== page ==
ANCAP: Safety under the stars

18th Dec 2012 by Admin

Crash Test Dummy What do the stars on an ANCAP rating mean? What rating should you look for when buying a car? We explain everything you need to know about ANCAP, as well as a few fun facts.

What is ANCAP?

ANCAP stands for the Australasian New Car Assessment Program, which oversees independent crash tests on cars that are sold in Australia. ANCAP awards a star rating from one to five, depending on how the car performs in the tests.

Cars that receive a five-star rating, such as the Audi A6, achieve the highest international standards across all test criteria. So the more stars a car receives, the safer it is.

What does ANCAP measure?

ANCAP uses test dummies to see what happens to the car’s occupants in a crash. It then analyses the data and ranks the car according to the five-star system.

Each car endures four internationally-recognised crash tests, undertaken by independent test laboratories. Tests include the frontal offset test and side impact test, which are two of the most common collisions:

  • Frontal offset test: traveling at 64 km/h, the car strikes an aluminium barrier on the driver’s side
  • Side impact test: a 950kg trolley hits the driver’s side at 50 km/h

A separate test can be undertaken to see how well a car protects pedestrians in the event of a crash. The car travels at 40 km/h and strikes a dummy pedestrian, measuring potential head and leg injuries.
Car manufacturers can also elect to have a pole test performed on cars that have head-protecting airbags.

How are the results measured?

Each car receives a score out of 37; it must score at least 12.5 in each of the frontal offset and side impact tests, and an overall score of at least 32.5 to receive a five-star rating.

Bonus points are awarded if the car has the following features:

  • Anti-lock Braking System (ABS): this prevents the car’s wheels from locking when pressure is applied to the break.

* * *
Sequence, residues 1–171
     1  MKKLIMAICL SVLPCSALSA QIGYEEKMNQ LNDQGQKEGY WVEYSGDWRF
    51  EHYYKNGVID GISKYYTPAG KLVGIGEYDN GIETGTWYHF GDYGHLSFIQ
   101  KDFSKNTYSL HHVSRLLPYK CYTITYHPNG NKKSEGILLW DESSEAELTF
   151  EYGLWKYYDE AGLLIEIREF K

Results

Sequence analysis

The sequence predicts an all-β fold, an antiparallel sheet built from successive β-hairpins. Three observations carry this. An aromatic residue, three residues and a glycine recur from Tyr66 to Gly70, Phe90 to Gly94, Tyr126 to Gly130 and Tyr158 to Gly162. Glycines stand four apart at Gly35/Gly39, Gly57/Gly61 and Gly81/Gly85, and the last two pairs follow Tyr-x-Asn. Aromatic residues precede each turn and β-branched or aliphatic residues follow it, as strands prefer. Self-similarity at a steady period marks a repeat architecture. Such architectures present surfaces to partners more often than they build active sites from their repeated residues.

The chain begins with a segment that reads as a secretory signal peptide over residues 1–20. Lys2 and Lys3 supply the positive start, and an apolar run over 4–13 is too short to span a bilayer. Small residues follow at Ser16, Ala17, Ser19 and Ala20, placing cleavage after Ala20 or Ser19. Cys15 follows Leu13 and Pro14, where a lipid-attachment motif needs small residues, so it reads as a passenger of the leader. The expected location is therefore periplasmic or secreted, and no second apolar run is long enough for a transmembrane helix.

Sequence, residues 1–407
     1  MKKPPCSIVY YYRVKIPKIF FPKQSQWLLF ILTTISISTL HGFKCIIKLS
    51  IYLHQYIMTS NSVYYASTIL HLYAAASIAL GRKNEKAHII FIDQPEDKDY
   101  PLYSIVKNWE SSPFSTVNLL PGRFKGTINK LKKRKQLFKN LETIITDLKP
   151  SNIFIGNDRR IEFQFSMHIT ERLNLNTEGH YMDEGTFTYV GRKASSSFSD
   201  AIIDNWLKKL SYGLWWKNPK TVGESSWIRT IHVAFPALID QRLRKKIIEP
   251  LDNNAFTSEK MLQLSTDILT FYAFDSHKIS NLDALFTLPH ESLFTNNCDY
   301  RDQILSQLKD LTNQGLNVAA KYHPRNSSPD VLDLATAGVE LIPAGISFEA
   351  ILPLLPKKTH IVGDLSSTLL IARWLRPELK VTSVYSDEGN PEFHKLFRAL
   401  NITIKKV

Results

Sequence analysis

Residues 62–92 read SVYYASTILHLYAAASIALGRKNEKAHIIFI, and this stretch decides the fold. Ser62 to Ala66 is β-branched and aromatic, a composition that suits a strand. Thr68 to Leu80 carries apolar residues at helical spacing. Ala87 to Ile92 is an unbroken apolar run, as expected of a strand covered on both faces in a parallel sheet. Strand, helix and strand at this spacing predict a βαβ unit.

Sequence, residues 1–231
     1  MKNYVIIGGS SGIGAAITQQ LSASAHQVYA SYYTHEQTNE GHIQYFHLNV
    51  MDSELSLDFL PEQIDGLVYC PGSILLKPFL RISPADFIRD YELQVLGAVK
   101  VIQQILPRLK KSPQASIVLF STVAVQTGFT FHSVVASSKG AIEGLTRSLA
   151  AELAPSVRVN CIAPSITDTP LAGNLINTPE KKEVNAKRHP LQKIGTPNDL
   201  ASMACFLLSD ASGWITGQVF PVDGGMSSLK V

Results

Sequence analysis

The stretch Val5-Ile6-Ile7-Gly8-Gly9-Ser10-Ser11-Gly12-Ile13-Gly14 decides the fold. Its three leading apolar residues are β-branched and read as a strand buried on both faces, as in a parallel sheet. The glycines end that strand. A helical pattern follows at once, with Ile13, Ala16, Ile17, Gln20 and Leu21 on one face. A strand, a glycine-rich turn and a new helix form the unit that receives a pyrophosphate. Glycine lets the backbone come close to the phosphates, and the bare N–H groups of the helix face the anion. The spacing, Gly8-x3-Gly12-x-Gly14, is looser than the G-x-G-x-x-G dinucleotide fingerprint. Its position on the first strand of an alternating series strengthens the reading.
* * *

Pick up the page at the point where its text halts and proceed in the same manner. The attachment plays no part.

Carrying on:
• Seat belt reminders: these alert passengers to buckle up before driving.
  • Airbags: five-star rated cars have front, side, curtain and knee airbags for optimum safety.
  • Electronic Stability Control (ESC): if the driver swerves to avoid an obstacle, the ESC steps in and puts the car onto a safer, straighter line.

Two points are also allocated if the car performs well in the pole test.

What role do the test dummies play?

While they might be called dummies, the test models are anything but. Their high-tech components allow them to experience dozens of crash tests and demonstrate what the driver and passengers endure in a crash.

Two types of dummies are used – the Hybrid III (for frontal impact) and the EuroSID II (for side impact). Let’s take a closer look inside the Hybrid III:

  • Head: the internal accelerometers are set at right angles to measure impact to the brain.
  • Neck: devices measure any tension, bending or shearing on the neck, which might occur when the occupant’s head is thrown forward and back in a crash.
  • Chest: equipment inside the steel ribs record any potential chest injuries.
  • Arms: since cars can’t protect passengers from arm injuries, the arms don’t contain any recording devices.
  • Legs: cells inside the legs measure potential injury to the thighs, knees, pelvis and hips. Devices are also installed to measure bending, compression, tension and shearing to the legs in a crash.

What do the colours on the dummy diagrams mean?

When assessing a car’s ANCAP rating, take a look at the colours on the dummy diagrams. Red or brown is a ‘poor and weak’ result, indicating a high risk of serious injury or death arising from that injury.

Why choose a five-star rated car?

According to ANCAP, occupants in a one-star rated car are twice as likely to be killed or seriously injured, compared to those in a five-star rated vehicle.

As well as advanced safety features, a five-star rated car has superior structural integrity. This means that it protects occupants by absorbing and dissipating the force of a crash. There is little movement inside the car, while the doors are kept closed and are able to be opened after the crash. Still wondering if a five-star rated car is worth it? The answer is in the stars.

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